It's a pretty clever Pre-sale campaign. Creates buzz as buyers watch the influencers shill another product and pony up the dough. No risk for PD.
Doesn't Tesla do the same thing with the pre-ordering of their cars?

I feel like "Photography" is not enough, spending years getting better at photography should be the goal and not some foolish tripod that can be replaced with one for a quater of the price. I recently bought a lightstand for $45.00 on amazon and spend the better part of a week in denial of how good it was. I think "everyone wants to be a billionaire so freaking bad".

Jacques Cornell's picture

I don't understand the hubbub about PD and other "boutique" straps. Many of them have metal buckles, clips and other hardware, and in my book this is a major no-no. Memories of scratches on my precious Contax bodies 25 years ago are still fresh in my mind. The horror. I've been using OptechUSA straps for 25 years and still have my first one - no metal, no scratches, total reliability. Also, they're all very reasonably priced, the various parts are interchangeable, and the neoprene absorbs shock, reducing shoulder & neck fatigue - handy when you're walking all day with a heavy Pentax 67. I've got a drawerful of parts I can configure as narrow neck straps, wide shoulder straps, single and double slings, and backpack attachments for chest carry while hiking. It only takes a couple of clicks to swap a camera from one configuration to another. The Dual Sling has saved me from bursitis (no fun!) when working events with three cameras.

"You are selling a product. You are not making a cat video. For the sake of humanity, please stop."

God damn, writing this good hasn't been seen here in a while.

Rob Mitchell's picture

I like the idea of this, however I'm put off PD. I bought their Messenger 13 in a moment of weakness, looks great, promised lots. However, it always falls over when put on the floor. It simply is a bad design for a camera bag. I use it now for just a compact and laptop. Had enough of my kit spilling out every time I put it down.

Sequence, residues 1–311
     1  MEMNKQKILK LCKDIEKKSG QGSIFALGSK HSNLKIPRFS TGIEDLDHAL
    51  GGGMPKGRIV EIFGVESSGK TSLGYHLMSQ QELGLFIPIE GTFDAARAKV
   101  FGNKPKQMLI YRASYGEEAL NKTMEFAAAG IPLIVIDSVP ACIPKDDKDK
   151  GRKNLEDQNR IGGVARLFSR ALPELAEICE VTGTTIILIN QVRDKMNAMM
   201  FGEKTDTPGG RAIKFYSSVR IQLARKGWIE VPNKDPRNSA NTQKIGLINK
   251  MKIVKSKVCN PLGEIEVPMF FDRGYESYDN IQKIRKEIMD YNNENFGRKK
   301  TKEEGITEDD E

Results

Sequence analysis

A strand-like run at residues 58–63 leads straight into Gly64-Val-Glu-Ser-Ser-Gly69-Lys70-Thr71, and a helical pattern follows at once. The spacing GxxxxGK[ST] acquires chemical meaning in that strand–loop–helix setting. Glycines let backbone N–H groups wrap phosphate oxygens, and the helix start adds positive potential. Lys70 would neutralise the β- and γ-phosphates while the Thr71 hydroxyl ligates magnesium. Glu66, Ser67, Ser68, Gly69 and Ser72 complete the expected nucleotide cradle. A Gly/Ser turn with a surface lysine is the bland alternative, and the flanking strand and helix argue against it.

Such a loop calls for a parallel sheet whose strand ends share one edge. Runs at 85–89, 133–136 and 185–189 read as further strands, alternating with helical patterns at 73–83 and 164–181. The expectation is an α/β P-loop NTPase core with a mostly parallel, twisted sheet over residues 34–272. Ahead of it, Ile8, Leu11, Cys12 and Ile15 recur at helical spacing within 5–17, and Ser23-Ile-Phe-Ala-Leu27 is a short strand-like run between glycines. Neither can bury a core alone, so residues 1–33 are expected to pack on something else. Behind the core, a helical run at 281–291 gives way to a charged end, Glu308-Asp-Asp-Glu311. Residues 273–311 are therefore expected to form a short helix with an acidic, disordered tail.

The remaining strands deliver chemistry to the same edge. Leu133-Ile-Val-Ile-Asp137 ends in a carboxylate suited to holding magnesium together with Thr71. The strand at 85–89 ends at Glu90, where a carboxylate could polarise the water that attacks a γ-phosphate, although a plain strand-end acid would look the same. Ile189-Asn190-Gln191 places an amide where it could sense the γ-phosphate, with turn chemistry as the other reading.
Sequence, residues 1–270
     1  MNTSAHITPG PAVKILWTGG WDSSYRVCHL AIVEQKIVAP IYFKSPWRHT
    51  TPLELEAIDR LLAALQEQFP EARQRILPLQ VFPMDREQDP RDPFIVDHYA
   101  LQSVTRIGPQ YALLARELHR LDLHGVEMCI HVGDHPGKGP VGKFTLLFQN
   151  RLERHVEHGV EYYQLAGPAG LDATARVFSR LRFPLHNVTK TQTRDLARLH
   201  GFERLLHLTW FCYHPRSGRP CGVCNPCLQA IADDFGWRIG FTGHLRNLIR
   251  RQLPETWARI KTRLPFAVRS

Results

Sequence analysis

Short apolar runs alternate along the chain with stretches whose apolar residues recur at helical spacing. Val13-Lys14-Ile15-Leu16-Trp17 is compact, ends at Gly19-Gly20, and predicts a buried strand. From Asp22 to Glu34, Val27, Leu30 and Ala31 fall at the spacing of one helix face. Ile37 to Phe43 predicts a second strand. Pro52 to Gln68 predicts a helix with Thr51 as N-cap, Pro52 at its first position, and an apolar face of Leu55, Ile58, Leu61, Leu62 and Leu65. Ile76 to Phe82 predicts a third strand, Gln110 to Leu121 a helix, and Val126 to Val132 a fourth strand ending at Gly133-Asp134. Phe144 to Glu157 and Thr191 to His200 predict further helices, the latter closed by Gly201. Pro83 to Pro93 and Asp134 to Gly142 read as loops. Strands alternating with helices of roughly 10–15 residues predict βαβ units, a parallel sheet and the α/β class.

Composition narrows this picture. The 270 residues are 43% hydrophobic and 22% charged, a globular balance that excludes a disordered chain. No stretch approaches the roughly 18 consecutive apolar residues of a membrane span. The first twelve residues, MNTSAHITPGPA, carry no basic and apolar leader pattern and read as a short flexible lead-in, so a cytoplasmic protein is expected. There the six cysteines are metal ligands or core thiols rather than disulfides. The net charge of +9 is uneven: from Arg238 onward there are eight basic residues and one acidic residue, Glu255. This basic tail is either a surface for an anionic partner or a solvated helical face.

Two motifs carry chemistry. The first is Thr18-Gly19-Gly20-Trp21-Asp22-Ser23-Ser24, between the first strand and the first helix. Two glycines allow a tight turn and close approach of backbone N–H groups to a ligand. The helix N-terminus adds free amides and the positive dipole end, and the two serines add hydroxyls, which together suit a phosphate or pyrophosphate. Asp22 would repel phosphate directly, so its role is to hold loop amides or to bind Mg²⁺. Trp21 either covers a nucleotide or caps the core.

As said I like the idea of the tripod, no way I'm coughing up and money until I've seen it in the flesh and tried it. Stability is always the biggest question when tripod shopping.

HaHa I thought I was just putting it down the wrong way...

Matthew Saville's picture

Peak Design is just one of those brands that has their brand marketing "on fleek", whatever that means. Every generation has their brands that they obsess over, and will pay any price for. From the "good old days" when those brands were for non-tech/electronics, but for things like Rolex watches or Rolls Royce cars, to the modern times with "overpriced" electronics like Apple products and, I dunno, those crazy-expensive Beats headphones? (bought by Apple, ironically.)

I used the PD travel tripod too, prior to its press release, and it's a really finely engineered and built product. You can tell that Peak Design is not just another cheap junk brand. Under the same level of abuse, I'd expect this tripod to last 2-3X longer than most all cheaper no-name/new brands. (To me, "new" is anything not as old as RRS, Manfrotto, Slik, and Gitzo.)

Just do the math on how quickly you might break a $100-200 Aluminum or a $200-300 CF tripod, and make your buying decision. If you don't use/abuse tripods enough to justify $350-600, no harm done.

In the spirit of full disclosure, my only (but significant) issue with the PD TT was that the head design, although ingenious and incredible at space-saving, is a compromise of practicality. I strongly disagree with those reviewers who say this was the easiest tripod ever for them to set up and break down. It's actually quite cumbersome and a little time-consuming to get this tripod going, compared to a traditional ball head design with separate, distinct knobs for clamping the camera plate, locking and panning the head itself. Any photographer who needs to set up a tripod in a hurry will likely want to get a more "everyday" type of tripod, and only use this one for when its compactness is truly essential. Because, even a Slik Lite CF/AL tripod (my current favorite) can easily fit in an airplane overhead bin, and that's enough for me. (Though probably not inside a Pelican case that is the size that fits into an overhead bin.)

TLDR, don't hate the player, I guess?

Chris Rogers's picture

I paid $180 for my three legged thing travel tripod and it seems to do just fine. It's super light and packs up real small. It holds my D800 with 70-200 just fine. I don't understand why any one would throw $500 bucks at this when there are cheaper options that do the job just as good. The built in phone mount is pretty clever though.

Love 3LT products, I’ve been using the Airhed 360 for a few months, blown away with it. When my tripod legs have given up I’ll be upgrading to the Winston.

"Most expensive travel tripod in the world"? Hardly. The Gitzo Traveller series is proof.

Jon The Baptist's picture

This can't be the most expensive travel tripod in the world. What does Gitzo or Really Right Stuff have in this size? Those are probably the most expensive, and I am 90% sure they're also the strongest.

More comments